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Thoughts on writing about restaurants, 2018

SANTA FE, N.M. — We notice it’s that time of year for those annoying year-in-review columns. Maybe some cliché along the lines of Best Restaurant, Best NEW Restaurant, or Best Meal of 2018. Frankly, we’re considering something more along the lines of Best Waiter of the Year, Best Bus Person of the Year. Perhaps a Review of the Reviewer is in order?

In fact, we were commiserating the other day with an estimable writer on this beat from the “other” paper in town, and noting the daunting position in which we find ourselves.

One bad word from a movie reviewer, who cares? Tickets sell, Tom Cruise and the key grip get paid, the lousy director will work again, and there’s a movie screen on every street corner (and in your hand!). Once upon a time, we confess to having committed the thankless, quite useless task of writing art criticism. But no column could put an art gallery out of business or on the art-world map, or make or break any artist.

Not so with this gig. Restaurants are what art galleries once were in Santa Fe, arbiters of sense and sensibilities (and discretionary income), and one discouraging word in a LOCAL paper and people can lose their jobs, their entire enterprise. There are economic consequences, and it gives one pause.

Food and culture lovers should rush to a local bookstore and acquire “Between Meals: An Appetite for Paris” by A.J. Lielbling.

Also consider, a restaurant – whether it’s a “greasy spoon” or a 3-star Michelin joint – is a one-off live performance every day and night. Like putting on an opera with just about as many moving parts, and the high-wire drama, the moment-to-moment cat-and-mouse game with disaster and triumph acted out in the public theater of the establishment.

Finally, consider also the fact that even the greatest restaurants have their off nights, as do orchestras and singers. There can be a bad produce order, the special that runs out early in the evening, a sick waiter or one distressed to have left a sick child at home, but who can’t take the night off because he or she needs the dough from working in a restaurant they can’t afford.

In short, there is a lot to consider and we do our best, and are put in mind of the great food writer Edward Behr and his “The Art of Eating” newsletter and blog (artofeating.com). He reported receiving a letter from a colleague who had just been hired to a prominent critical position: “I am not sure I have discharged my duties as was envisioned or as I hoped. It would be nice to have been ruder – there are a lot of bad restaurants that people like – but that ends up serving no one. But while one is being nice there is the nagging terror that the niceness is entirely misplaced and that you will be exposed as a charlatan by the first person with real taste who eats the product. The advantage of a small public (as with a newsletter) is that you can afford to say what you think and you don’t really care if anyone disagrees.”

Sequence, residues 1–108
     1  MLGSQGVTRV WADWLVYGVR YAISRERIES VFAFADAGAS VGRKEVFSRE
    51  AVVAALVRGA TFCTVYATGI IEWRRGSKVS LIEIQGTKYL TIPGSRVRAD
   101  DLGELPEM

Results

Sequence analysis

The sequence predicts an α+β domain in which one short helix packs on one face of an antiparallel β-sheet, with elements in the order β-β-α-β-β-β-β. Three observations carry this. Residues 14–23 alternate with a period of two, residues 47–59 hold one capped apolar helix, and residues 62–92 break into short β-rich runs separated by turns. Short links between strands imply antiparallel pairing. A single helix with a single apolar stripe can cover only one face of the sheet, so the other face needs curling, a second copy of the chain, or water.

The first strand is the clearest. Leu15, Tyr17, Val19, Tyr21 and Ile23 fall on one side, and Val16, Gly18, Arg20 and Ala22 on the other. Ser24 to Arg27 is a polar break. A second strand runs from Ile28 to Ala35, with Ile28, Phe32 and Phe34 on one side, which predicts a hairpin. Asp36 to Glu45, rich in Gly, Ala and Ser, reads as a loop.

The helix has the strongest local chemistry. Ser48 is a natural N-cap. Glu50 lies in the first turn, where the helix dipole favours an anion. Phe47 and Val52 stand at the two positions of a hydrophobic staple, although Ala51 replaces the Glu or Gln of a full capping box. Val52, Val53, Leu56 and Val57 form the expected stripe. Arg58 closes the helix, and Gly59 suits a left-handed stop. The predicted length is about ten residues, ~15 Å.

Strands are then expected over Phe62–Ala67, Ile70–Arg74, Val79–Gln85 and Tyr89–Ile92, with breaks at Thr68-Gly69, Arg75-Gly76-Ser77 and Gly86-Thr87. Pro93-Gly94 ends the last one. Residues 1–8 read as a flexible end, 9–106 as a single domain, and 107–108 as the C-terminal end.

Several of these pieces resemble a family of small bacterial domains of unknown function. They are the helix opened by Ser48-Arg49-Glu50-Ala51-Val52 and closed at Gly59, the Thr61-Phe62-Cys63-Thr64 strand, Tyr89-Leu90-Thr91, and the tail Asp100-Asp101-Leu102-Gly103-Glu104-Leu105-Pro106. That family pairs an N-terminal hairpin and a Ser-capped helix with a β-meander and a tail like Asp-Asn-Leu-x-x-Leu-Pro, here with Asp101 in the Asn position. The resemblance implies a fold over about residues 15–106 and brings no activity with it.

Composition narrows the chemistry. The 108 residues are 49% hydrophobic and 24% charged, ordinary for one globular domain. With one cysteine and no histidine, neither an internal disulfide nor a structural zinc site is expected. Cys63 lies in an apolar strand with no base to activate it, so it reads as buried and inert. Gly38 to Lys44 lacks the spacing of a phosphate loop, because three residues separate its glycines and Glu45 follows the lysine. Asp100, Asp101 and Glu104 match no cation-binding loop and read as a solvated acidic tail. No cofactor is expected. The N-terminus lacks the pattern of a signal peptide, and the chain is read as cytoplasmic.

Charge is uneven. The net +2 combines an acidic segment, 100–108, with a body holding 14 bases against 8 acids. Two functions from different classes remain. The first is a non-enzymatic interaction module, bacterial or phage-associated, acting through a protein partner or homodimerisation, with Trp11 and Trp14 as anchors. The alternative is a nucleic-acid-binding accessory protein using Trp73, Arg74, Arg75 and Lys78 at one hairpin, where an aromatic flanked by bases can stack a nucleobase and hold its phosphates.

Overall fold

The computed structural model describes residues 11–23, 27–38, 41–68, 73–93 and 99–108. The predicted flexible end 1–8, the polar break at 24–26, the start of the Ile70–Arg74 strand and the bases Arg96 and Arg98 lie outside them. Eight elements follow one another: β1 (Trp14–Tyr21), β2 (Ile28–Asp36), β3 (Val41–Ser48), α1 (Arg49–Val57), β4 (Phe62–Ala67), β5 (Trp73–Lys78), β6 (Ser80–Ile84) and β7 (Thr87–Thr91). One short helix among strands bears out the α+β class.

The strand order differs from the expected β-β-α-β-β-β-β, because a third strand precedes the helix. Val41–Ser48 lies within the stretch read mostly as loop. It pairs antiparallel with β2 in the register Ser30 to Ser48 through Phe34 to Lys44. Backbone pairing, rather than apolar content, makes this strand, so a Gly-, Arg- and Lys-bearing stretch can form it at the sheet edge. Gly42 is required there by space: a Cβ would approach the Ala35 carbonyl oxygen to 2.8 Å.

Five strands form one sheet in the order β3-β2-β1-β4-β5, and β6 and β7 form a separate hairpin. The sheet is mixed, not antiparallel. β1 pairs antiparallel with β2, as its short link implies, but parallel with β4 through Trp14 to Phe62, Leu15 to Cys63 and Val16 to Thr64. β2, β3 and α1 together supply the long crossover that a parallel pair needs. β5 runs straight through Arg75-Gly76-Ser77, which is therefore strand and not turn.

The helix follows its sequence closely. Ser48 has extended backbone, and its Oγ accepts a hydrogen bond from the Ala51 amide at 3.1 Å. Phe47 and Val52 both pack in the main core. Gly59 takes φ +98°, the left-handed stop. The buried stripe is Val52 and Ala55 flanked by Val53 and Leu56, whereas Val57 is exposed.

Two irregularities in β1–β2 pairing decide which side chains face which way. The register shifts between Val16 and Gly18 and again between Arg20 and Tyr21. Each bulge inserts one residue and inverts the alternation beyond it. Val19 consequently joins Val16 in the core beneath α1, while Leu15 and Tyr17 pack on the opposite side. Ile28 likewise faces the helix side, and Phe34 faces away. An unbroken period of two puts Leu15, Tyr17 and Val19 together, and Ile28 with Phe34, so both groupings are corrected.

A book worth buying

Since we are still within the octave of Christmas (12 days and all that, don’t forget) we’d like to offer a gift suggestion. For anyone, even yourself, who is interested in dining, culture, drinking, horse-racing, Paris, boxing or just becoming a better person in general, there is THE indispensable volume: “Between Meals: An Appetite for Paris” by the GREAT A.J. Liebling. Run to your locally owned bookstore and grab a copy (there are lots of editions from which to choose), and you can thank me later.

It begins: “The Proust madeleine phenomenon is now as firmly established in folklore as Newton’s apple or Watt’s steam kettle. The man ate a tea biscuit, the taste evoked memories, he wrote a book. This is capable of expression by the formula TMB, for Taste > Memory > Book. Some time ago, when I began to read a book called ‘The Food of France,’ by Waverly Root, I had an inverse experience: BMT, for Book > Memory > Taste. Happily, the tastes that ‘The Food of France’ re-created for me – small birds, stewed rabbit, stuffed tripe, Côte Rôtie and Travel – were more robust than that of the madeleine, which Larousse defines as ‘a light cake made with sugar, flour, lemon juice, brandy, and eggs.’ (The quantity of brandy would not furnish a gnat with an alcohol rub.)”

Do yourself a favor, get it!

Finally. HUGE thanks to The Baroness who has furnished us with brilliant photographs and many fine dining experiences all year! And to The Good Doctor who has provided us with some elementary and fine points of dining and cooking and restaurant going. Thank you! And to you, dear eaters, Happy Hollandaise and see you in 2019!

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